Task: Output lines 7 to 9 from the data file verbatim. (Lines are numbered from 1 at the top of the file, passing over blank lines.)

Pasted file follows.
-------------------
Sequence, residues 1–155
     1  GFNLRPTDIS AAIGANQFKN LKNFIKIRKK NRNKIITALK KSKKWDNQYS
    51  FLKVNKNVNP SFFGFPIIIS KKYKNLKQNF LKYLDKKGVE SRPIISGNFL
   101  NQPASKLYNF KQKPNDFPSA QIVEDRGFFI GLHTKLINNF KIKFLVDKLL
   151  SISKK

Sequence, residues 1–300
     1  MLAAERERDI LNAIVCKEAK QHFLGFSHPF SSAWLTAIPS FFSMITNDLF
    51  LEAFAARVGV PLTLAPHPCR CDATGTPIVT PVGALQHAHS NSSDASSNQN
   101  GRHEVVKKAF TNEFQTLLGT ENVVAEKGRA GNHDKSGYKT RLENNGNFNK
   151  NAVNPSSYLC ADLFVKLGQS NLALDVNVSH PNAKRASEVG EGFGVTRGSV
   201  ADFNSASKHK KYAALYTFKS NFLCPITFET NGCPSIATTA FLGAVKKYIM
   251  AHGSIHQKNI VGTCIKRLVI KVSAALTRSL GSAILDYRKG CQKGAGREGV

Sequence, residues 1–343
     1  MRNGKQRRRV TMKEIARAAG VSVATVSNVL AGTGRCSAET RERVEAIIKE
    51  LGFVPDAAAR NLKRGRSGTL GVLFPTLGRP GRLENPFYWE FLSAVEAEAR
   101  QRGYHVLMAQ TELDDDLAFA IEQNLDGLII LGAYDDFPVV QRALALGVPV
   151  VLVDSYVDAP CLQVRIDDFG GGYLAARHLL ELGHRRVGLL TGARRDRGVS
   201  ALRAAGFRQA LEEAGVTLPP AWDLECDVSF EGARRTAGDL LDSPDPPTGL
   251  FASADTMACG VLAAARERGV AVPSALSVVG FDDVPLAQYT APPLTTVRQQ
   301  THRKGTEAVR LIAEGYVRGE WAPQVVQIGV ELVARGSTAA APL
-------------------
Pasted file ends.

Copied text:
     1  MLAAERERDI LNAIVCKEAK QHFLGFSHPF SSAWLTAIPS FFSMITNDLF
    51  LEAFAARVGV PLTLAPHPCR CDATGTPIVT PVGALQHAHS NSSDASSNQN
   101  GRHEVVKKAF TNEFQTLLGT ENVVAEKGRA GNHDKSGYKT RLENNGNFNK